Section 101 Blog

Un-Signed and Standing Out

A few months ago, I read a study serviced by Digital Music News** that came to the conclusion that 75% of Independent Artists look for a label deal (with Sony being the label of choice). For some reason, this surprised me. Not because I thought signing to a label was a bad thing, but because of the high number of people who would choose to be signed if they could. It got me thinking, what were these un-signed artists doing to stand out so they could be one of "the chosen"?

What this meant to me is that it would make a lot of sense for artists at any stage of their career to make sure their presentation is desirable to a label. If you put in the work, and still didn't get signed, the added bonus is that you'd be a fully functioning, and by a different measure, a successful entity. In other words, it is totally worth it.

Using this study as a guide, I will assume that a good many readers would ultimately like to be with a label. What do you need to do to get a label to take notice of you? It isn't without a touch of irony that it's usually the artists with the strongest DYI models that end up attracting label interest. These are the artists that could actually function if they decided against signing. Why? They already have all the tools for success, something that labels love to see.

The first thing you need is your own website - not www.myspace.com/mybandrules - your OWN website, that you have complete control and ownership of. This is your "home" on the web, and everything should be derived from there. It's important to keep up on social networking, but make sure that you keep your website current - that's yours, it belongs to you, and whatever is there you can take with you.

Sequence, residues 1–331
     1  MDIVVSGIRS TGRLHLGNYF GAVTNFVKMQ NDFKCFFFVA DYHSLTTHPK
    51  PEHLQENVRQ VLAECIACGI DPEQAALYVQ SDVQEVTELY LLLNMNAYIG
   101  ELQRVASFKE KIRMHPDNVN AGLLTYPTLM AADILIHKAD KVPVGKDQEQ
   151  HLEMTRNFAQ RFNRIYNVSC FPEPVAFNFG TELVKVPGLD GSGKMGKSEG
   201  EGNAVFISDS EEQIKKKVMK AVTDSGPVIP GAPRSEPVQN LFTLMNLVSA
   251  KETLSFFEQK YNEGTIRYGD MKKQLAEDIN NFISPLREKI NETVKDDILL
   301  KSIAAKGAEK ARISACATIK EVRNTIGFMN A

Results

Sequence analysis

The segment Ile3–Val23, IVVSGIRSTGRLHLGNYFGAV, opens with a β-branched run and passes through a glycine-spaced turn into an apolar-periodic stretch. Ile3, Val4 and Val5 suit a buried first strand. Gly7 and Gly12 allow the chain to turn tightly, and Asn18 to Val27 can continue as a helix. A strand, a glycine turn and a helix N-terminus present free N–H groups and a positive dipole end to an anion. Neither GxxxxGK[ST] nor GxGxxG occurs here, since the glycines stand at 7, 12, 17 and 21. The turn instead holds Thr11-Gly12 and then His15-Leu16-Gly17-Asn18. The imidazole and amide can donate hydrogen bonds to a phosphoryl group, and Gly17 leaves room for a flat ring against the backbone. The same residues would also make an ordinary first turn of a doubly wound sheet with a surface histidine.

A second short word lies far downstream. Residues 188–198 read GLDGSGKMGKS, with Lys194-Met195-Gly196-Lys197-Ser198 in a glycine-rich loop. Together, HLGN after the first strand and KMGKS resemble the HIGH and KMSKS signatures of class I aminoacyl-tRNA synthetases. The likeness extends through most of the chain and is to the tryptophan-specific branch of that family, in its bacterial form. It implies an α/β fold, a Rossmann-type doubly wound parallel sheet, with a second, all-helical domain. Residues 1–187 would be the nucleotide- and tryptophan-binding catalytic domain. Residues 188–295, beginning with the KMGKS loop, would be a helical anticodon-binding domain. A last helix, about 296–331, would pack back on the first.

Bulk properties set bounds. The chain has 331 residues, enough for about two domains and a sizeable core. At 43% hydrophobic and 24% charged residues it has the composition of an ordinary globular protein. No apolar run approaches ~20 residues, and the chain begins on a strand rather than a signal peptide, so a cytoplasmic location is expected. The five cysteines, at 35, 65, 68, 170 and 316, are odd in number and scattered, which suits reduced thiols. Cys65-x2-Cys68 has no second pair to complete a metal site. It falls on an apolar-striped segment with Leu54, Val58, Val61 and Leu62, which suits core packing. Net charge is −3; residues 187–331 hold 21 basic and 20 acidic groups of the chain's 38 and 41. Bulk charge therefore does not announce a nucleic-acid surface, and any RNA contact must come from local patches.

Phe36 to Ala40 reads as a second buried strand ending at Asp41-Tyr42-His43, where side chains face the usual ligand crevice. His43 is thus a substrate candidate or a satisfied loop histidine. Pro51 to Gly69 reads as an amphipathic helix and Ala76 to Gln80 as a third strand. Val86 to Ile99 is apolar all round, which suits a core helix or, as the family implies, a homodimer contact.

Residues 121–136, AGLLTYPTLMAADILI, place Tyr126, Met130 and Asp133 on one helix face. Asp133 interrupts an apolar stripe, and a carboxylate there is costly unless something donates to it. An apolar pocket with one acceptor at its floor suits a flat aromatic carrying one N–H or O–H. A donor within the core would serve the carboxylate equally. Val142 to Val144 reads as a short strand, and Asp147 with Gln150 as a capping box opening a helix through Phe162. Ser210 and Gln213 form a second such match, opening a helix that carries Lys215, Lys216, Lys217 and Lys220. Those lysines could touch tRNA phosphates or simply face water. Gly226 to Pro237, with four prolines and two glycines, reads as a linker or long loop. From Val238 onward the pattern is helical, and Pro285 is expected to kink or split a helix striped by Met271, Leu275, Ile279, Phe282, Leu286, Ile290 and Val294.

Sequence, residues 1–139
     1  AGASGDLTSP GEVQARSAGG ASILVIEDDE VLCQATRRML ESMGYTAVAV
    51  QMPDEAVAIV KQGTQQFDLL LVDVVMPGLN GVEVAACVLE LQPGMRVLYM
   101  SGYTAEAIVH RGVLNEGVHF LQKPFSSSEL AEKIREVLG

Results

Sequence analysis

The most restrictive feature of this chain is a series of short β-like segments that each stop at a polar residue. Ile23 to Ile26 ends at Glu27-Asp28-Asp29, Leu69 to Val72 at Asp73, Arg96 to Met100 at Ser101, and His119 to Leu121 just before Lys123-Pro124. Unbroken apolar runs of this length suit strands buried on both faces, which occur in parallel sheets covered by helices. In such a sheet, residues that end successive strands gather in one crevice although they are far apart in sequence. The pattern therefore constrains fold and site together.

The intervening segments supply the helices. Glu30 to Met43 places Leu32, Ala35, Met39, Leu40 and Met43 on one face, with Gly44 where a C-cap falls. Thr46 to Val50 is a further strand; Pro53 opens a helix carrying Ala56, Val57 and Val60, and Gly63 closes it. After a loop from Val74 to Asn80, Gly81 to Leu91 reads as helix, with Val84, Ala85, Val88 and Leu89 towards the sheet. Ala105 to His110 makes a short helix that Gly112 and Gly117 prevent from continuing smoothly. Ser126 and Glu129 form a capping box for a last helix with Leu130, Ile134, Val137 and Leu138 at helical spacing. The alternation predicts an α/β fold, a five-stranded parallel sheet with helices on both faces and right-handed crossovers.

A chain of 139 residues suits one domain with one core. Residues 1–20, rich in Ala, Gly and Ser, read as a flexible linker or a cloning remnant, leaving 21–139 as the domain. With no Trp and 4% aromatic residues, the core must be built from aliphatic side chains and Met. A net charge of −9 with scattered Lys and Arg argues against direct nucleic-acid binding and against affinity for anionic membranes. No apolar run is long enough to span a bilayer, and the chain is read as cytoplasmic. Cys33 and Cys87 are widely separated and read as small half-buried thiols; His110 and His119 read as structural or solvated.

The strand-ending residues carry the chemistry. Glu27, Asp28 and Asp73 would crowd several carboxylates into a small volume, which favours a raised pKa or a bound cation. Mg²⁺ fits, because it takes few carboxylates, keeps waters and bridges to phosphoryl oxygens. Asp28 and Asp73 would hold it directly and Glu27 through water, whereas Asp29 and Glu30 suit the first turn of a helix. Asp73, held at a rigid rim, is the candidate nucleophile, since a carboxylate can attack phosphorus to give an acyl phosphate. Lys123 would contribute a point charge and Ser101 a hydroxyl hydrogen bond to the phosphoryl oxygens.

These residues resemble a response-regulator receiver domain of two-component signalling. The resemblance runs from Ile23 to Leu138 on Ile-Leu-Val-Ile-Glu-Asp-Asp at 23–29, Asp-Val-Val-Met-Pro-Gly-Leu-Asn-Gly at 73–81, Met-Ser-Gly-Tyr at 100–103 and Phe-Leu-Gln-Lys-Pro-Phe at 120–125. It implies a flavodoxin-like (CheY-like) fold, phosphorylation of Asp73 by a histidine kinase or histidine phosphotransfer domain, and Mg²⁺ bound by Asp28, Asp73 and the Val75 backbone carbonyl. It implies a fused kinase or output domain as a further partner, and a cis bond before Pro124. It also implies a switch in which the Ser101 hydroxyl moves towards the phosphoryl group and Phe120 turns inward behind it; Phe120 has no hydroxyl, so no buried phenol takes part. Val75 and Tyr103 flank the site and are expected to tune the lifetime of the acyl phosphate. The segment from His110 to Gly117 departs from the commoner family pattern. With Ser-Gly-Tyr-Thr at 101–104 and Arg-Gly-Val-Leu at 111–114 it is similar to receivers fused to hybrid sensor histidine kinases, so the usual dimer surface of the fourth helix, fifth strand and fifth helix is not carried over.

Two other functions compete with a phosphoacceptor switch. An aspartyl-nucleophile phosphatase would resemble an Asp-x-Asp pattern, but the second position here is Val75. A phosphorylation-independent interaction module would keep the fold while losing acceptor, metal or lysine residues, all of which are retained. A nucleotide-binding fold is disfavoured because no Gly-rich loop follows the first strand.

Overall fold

It's important that you stay CONSISTENT. The audience you hope to find quickly decides if you're not being true to your followers. Grow your Facebook audience by staying dependable. People love to be part of a group, and love to support what's special about the group. If you change what you're about every month, no one will stick around to see what's next. In being true to your audience, you will be rewarded by more people talking about what you're doing and telling their friends about it.

Figure out what your fans respond to, and keep doing it. Maybe a lot of them dig Twitter but aren't in to Foursquare so much. Embrace what they respond to and engage them in what they enjoy the most. Perhaps the people who like your music love watching live videos you post on YouTube much better than Blogs you post. If people who come to your site really get in to putting money in the "tip jar" you set up for when you post new music, keep doing it. Pay attention to what people respond strongly to. Section 101 just launched a site for Kina Grannis, an incredible artist who is a perfect example of this. Through her hard work, Kina has become one of the most subscribed to artists on YouTube. Her videos have been viewed over 60 million times and she makes sure to post a new video once a month, ensuring her fans come back for more and share what they see. Between Twitter and Facebook, Kina has over 160, 000 followers checking in on her daily.

While I won't deny this is hard work, especially with so many social media outlets you have to keep updated and fresh, the pay off is very strong. Building a loyal audience will allow you to do what you love the most! The road to the label deal may seem overwhelming at first, but there are so many more avenues for musicians to be HEARD than there ever was. Making smart, consistent choices can set you up for an exciting and fun ride, one that could have you driving right up to a major label deal in the future or you may surprise yourself and be happy - and successful - doing it yourself.

**Study provided by Digital Music News: http://bit.ly/jVK43O



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